Page:A Dictionary of Music and Musicians vol 3.djvu/558

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646 SOL-FA.

Util di Guido regola superna 3f/suratrice/acile de' suoni SoZenne or tu iaude a te stessa intuoni,

b'Hlaba eterua.

The roll or stick with which the conductors of church choirs in Italy beat the time is called the Sdlfa. [G-]

SOLFEGGIO, E GORGHEGGIO. Solfeggio is a musical exercise for the voice upon the syl- lables Ut (or Do), Re, Mi, Fa, Sol, La, forming the Guidonian Hexachord, to which was added later the syllable Si upon the seventh or leading- note, the whole corresponding to the notes C, D, E, F, G, A, B of the modern Diatonic scale. These names may be considered the result of an accident ingeniously turned to account, the first six being the first syllables of half lines in the first verse of a hymn for the festival of St. John Baptist, occurring upon the successive notes of the rising scale, with a seventh syllable perhaps formed of the initial letters of Sancte Johannes. [See SOLMISATION.]

The first use of these syllables is ascribed to Guido d'Arezzo as an artificial aid to pupils ' of slow comprehension in learning to read music,' and not as possessing any special virtue in the matter of voice-cultivation; but it is by no means clear that he was the first to use them. At any rate they came into use somewhere about his time. It is probable that even in Guide's day (if voice -cultivation was carried to any grade of perfection which is hardly likely in an age when nearly all the music was choral, and the capacities of the voice for individual expres- sion were scarcely recognised), as soon as the notes had been learned, the use of syllables was, as it has been later, superseded by vocalisation, or singing upon a vowel. The syllables may be considered, therefore, only in their capacity as names of notes. Dr. Crotch, in his treatise on Harmony, uses them for this purpose in the major key, on the basis 'of the movable Do, underlining them thus, Do, etc., for the notes of the relative minor scales, and gives them as alternative with the theoretical names Tonic, or Do ; Mediant, or Mi ; Dominant, or Sol, etc. The continued use of the syllables, if the Do were fixed, would accustom the student to a certain vowel on a certain note only, and would not tend to facilitate pronunciation throughout the scale. If the Do were movable, though different vowels would be used on different parts of the voice, there would still be the mechanical succession through the transposed scale ; and true reading which Hullah aptly calls 'seeing with the ear and hearing with the eye,' that is to say, the mental identification of a certain sound with a certain sign would not be taught thereby. Those who possess a natural musical disposition do not require the help of the syllables ; and as pronun- ciation would not be effectually taught by them, especially after one of the most difficult and un- satisfactory vowels had been removed, by the change of Ut to Do, and as they do not contain all the consonants, and as moreover voice- cultivation is much more readily carried out by


perfecting Vowels before using consonants at all, it was but natural that vocalisation should have been adopted as the best means of re- moving inequalities in the voice and difficulties in its management. Crescentini, one of the last male soprani, and a singing-master of great celebrity, says, in the preface to his vocal ex- ercises, ' Gli esercizj sono stati da me imaginati per 1'uso del vocalizzo, cosa la piu necessaria per perfezionarsi nel canto dopo lo studio fatto de' solfeggi, o sia, nomenclature delle note ' ' I have intended these exercises for vocalisation, which is the most necessary exercise for attaining per- fection in singing, after going through the study of the sol-fa, or nomenclature of the notes.' Some- times a kind of compromise has been adopted in exercises of agility, that syllable being used which comes upon the principal or accented note of a group or division, e. g.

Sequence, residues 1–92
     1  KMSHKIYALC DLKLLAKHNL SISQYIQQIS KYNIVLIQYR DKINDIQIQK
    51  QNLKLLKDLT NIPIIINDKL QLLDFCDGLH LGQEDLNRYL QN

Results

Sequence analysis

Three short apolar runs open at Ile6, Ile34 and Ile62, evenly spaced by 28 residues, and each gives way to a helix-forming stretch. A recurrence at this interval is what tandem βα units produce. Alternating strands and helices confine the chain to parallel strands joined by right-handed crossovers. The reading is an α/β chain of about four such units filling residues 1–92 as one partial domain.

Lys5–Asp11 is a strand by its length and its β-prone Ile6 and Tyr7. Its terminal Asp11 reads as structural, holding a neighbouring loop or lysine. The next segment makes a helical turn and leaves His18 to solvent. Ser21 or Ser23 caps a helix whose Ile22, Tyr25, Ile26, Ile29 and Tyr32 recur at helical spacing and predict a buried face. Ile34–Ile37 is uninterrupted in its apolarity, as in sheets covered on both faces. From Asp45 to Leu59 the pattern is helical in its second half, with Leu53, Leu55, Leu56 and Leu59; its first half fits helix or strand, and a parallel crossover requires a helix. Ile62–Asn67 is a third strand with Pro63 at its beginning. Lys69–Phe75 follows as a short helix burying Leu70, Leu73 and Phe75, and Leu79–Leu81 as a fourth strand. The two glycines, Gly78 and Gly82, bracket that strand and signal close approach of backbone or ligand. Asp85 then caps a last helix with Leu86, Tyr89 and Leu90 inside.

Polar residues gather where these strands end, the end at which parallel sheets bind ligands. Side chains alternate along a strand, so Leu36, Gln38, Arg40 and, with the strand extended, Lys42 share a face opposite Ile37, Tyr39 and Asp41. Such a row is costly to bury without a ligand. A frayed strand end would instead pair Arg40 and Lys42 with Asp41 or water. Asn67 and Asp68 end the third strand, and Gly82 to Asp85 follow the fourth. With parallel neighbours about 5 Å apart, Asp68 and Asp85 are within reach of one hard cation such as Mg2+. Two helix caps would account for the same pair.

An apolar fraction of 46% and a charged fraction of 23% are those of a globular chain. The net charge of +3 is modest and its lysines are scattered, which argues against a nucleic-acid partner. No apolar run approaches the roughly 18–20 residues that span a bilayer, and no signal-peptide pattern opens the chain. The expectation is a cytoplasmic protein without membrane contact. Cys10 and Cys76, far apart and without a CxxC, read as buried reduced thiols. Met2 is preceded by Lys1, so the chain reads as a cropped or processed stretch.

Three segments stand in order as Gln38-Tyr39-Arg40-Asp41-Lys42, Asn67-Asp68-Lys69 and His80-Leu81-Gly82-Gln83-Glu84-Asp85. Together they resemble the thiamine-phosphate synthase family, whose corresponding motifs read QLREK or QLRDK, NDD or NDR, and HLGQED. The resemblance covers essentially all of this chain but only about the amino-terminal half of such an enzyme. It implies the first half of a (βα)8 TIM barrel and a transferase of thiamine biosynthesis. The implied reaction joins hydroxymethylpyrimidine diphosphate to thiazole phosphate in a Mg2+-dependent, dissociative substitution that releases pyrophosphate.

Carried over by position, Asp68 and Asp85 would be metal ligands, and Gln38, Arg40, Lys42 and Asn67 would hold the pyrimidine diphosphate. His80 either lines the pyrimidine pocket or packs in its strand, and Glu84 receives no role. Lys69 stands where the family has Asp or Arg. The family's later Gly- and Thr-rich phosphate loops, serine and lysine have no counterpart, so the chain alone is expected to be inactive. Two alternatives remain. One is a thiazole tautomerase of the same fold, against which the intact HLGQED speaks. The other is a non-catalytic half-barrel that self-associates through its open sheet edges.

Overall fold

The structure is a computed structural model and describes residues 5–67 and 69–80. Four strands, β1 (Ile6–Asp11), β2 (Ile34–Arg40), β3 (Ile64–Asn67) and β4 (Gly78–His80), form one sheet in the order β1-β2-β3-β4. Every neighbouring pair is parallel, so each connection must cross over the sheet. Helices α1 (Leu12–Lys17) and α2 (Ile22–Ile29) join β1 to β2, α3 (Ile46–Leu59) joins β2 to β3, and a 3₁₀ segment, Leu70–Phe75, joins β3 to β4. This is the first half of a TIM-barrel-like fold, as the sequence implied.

��The word ' Solfeggio ' is a good deal misused, and confounded with ' Vocalizzo ' in spite of the etymology of the two words. The preface to the 4th edition of the 'Solfeges dTtalie' says 'La plupart des Solfeges nouveaux Exigent qu'ils soient Solftes sans nommer les notes? Here is an absurd contradiction, and a confusion of the two distinct operations of Solfeggiare and Vocalizzare. We have no precise equivalent in English for Solfeggio and Solfeggiare. The French have Solfe'ge and Solfier. We say, to Sol-fa, and Sol-faing a clumsy and ineuphonious verb- substantive. As a question of voice-production, the wisdom of vocalisation, chiefly upon the vowel a, (Italian), and certainly before other vowels are practised, and most decidedly before using consonants, has been abundantly proved. The use of the words in question is not therefore a matter of much importance. This appears to be in direct opposition to the advice of a very fine singer and an eminent master, Pier Francesco Tosi, whose book upon singing was published at Bologna in 1723, the English translation byGal- liard appearing in 1 742. He says, ' Let the master never be tired in making the scholar sol-fa as long as he finds it necessary ; for if he should let him sing upon the vowels too soon, he knows not how to instruct.' 'As long as he finds it necessary,' however, is a considerable qualifica- tion. The world lives and learns, and Crescen- tini's verdict may safely be accepted. ^ The vowel a, rightly pronounced, gives a position of the resonance-chambers most free from impediment, in which the entire volume of air vibrates without after-neutralisation, and consequently communi- cates its vibrations in their integrity to the outer air; this therefore is the best preparation, the best starting-point for the formation of other

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